Watch skin-breathing hellbenders — largest salamanders in the US — return to the wild

Watch skin-breathing hellbenders — largest salamanders in the US — return to the wild

Standing in a stream wearing snorkel gear and gloves, hellbender conservationists scooped the wriggly salamanders out of their bins and deposited them under suitable rocks underwater.

The team has introduced more than 100 creatures to Middle Tennessee waterways since the start of a program to revitalize the endangered hellbender population in the state, the Nashville Zoo said May 23.

With the latest release, 27 of those hellbenders are back home.

The salamanders were taken from the wild as eggs and brought to the Nashville Zoo to hatch and grow. The zoo has been collecting eggs since 2018, and these salamanders are the fourth group released back into the wild since 2021, according to conservationists.

“We’re honored to help this state-endangered salamander species and work to strengthen their population in the wild,” zoo officials said in the release.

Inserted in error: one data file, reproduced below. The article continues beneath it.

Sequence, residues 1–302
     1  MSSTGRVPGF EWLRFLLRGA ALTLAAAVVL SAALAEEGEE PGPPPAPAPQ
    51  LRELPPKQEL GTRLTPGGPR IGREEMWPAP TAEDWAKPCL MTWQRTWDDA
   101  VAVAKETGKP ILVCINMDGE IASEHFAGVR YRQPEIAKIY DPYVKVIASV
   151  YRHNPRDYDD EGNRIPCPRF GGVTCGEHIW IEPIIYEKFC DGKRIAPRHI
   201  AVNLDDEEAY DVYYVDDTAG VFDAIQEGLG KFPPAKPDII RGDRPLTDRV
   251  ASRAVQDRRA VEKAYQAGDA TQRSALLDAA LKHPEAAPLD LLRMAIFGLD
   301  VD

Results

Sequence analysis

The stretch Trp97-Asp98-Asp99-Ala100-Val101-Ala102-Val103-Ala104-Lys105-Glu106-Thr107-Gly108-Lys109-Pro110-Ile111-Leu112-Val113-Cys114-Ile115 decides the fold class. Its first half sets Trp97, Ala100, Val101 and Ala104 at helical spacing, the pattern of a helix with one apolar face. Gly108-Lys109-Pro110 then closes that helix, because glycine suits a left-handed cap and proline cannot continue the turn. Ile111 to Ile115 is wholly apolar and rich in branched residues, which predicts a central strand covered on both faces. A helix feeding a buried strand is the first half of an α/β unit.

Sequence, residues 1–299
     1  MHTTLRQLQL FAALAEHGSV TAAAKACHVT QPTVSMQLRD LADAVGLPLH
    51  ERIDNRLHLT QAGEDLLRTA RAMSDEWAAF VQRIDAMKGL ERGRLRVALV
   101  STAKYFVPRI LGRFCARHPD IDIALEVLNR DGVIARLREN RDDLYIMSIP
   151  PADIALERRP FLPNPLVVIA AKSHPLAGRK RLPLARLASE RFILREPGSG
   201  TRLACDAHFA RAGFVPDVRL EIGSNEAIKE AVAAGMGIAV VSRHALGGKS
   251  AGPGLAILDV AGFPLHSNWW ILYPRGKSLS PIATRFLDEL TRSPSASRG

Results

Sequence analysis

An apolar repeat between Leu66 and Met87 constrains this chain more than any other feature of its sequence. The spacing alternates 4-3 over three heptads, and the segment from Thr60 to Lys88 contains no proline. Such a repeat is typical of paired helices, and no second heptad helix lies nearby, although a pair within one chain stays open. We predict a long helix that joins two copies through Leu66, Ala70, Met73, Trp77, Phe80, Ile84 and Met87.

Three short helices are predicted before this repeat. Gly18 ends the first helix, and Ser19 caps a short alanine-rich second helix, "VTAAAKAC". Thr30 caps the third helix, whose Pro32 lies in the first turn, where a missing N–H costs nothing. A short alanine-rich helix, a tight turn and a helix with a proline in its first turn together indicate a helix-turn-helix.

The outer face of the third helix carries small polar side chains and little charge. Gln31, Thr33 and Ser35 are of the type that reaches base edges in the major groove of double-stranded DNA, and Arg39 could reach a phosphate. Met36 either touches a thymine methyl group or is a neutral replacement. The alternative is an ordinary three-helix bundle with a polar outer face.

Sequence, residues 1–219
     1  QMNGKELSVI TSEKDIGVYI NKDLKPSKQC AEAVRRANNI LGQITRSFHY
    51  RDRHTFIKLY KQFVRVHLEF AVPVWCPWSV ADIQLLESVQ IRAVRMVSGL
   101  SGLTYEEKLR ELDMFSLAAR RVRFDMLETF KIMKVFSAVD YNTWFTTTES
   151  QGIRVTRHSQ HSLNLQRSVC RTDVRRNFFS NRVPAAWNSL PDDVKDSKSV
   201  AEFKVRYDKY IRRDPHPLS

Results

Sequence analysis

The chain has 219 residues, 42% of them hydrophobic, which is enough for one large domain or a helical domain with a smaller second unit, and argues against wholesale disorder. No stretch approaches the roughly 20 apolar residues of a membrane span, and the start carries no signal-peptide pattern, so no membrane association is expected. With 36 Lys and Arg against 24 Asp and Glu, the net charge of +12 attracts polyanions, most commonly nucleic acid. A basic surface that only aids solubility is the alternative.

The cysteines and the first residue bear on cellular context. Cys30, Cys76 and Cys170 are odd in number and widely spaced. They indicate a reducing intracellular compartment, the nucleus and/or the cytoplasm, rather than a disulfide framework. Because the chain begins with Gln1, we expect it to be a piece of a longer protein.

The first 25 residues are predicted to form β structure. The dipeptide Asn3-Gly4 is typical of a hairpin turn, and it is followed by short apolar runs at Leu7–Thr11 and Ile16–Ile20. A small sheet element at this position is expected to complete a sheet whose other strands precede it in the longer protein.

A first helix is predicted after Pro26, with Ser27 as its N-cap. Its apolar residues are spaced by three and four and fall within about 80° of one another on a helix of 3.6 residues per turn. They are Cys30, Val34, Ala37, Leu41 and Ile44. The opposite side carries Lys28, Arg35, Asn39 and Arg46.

Eastern hellbenders are the largest species of salamander in the Americas, ranging from 12 to 29 inches long and weighing up to 5 pounds, according to the Smithsonian’s National Zoo.

This type of aquatic salamander lacks gills as an adult and instead absorbs oxygen through its skin.

“Early settlers thought that these strange looking animals looked like creatures from Hell that were ‘hell bent’ on returning and thus, the common name Hellbender,” according to the Virginia Department of Wildlife Resources.

In addition to their common name, salamanders are sometimes called snot otters.

The hellbender conservation team brought the salamanders from Nashville Zoo to waterways in Middle Tennessee for their release.

The zoo has been experimenting with different methods of maintaining a genetically diverse population.

In 2012, the zoo bred two captive hellbenders using artificial fertilization, and in 2015, conservationists hatched a hellbender from an egg that was fertilized with cryopreserved sperm.

“We can maintain that genetic diversity with a lot fewer animals and a lot fewer resources,” according to Dale McGinnity with the Nashville Zoo. “That’s why we’re really excited about developing these techniques.”

Species preservation efforts for the big salamanders have been in the works in other states as well. In 2022, Missouri conservationists released their 10,000th hellbender into the wild, McClatchy News reported.

The Nashville Zoo worked with the Tennessee Wildlife Resources Agency and Tennessee State University.

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